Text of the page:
Should a pregnant woman whose behavior has been deemed dangerous to her fetus be legally punished or forced into medical procedures against her will? A study released earlier this year found hundreds of cases across the country where pregnant women were arrested and incarcerated, detained in mental institutions and drug treatment programs, or subject to forced medical interventions, including surgery.
The study, conducted by the group National Advocates for Pregnant Women, found 413 criminal and civil cases where law enforcement intervened in the lives of pregnant women between 1973 — the year the Supreme Court ruled in Roe v. Wade — and 2005.
Fresh Air's Terry Gross speaks with the group's executive director, Lynn Paltrow, who says the legal claims used to justify some of these actions rely on the same arguments that are made in support of personhood measures that would grant the fetus full constitutional rights independent of the pregnant woman. Gross also speaks with Jennifer Mason of Personhood USA, a leader in the personhood movement.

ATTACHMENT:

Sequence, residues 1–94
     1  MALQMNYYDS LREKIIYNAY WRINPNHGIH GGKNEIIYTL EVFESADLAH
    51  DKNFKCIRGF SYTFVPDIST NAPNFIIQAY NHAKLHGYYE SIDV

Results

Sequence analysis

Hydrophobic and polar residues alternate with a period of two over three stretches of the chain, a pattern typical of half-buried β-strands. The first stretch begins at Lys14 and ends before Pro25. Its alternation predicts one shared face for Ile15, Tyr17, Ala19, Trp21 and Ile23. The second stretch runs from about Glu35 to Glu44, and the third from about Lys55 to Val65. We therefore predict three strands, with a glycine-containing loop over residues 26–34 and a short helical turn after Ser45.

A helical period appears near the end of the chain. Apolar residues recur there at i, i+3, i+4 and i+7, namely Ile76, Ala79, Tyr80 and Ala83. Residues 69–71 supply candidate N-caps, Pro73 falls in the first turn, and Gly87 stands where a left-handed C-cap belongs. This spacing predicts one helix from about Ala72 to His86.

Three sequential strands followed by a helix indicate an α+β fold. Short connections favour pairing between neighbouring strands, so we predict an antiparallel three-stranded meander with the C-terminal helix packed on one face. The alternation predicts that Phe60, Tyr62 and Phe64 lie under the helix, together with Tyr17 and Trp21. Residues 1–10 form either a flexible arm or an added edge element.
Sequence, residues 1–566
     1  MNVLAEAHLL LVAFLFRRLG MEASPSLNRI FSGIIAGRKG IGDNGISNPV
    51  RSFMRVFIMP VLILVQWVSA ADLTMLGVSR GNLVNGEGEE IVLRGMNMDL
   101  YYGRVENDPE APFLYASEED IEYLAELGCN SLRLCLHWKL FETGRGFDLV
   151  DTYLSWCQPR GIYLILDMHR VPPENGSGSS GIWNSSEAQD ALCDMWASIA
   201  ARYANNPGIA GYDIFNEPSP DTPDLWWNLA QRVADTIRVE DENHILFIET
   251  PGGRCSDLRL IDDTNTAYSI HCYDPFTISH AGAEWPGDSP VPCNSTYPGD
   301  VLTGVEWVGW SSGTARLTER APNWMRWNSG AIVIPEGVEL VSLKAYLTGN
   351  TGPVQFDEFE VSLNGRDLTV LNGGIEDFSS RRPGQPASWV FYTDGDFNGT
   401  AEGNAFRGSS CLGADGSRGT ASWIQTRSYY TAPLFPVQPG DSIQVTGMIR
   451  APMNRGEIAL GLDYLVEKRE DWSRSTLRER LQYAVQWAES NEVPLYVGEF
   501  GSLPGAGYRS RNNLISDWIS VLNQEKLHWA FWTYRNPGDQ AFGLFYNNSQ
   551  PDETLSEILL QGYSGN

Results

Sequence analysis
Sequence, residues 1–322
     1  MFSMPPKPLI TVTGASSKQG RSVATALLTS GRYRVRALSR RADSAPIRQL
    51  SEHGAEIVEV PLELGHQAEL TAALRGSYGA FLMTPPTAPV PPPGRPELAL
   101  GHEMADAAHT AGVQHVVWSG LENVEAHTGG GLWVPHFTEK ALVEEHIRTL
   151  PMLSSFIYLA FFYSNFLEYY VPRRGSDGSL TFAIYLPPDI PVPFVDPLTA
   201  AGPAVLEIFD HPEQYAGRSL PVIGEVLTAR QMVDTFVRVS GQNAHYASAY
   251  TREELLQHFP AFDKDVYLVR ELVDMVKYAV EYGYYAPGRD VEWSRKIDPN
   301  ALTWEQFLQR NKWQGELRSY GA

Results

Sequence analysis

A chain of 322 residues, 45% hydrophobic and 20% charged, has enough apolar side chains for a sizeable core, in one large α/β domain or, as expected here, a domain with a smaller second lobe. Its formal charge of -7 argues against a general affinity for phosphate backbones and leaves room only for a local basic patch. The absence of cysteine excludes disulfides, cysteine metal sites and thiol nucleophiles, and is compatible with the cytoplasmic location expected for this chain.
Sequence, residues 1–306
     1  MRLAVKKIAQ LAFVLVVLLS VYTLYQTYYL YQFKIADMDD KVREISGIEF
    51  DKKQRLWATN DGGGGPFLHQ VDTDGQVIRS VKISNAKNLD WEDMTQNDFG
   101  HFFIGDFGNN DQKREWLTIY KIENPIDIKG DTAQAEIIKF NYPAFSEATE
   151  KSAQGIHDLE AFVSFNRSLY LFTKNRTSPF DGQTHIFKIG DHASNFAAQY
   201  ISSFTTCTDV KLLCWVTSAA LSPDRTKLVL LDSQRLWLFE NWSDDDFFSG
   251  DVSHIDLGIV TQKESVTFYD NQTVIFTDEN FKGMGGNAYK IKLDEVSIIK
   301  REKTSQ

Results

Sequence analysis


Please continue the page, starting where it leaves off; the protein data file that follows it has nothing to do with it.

And she speaks with Dr. Barbara Levy, the American Congress of Obstetricians and Gynecologists' vice president for health policy, about related medical issues.
Terry Gross, doing what she does best—asking all three sides of this debate direct questions that get direct answers.